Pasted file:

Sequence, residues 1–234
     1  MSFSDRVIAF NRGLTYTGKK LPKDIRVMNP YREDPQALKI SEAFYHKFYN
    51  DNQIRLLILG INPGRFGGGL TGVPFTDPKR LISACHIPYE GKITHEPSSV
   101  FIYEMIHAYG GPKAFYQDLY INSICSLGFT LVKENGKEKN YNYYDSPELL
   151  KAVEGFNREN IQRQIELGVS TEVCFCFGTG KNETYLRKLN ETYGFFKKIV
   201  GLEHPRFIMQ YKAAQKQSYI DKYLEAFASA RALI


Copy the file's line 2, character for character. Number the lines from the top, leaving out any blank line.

     1  MSFSDRVIAF NRGLTYTGKK LPKDIRVMNP YREDPQALKI SEAFYHKFYN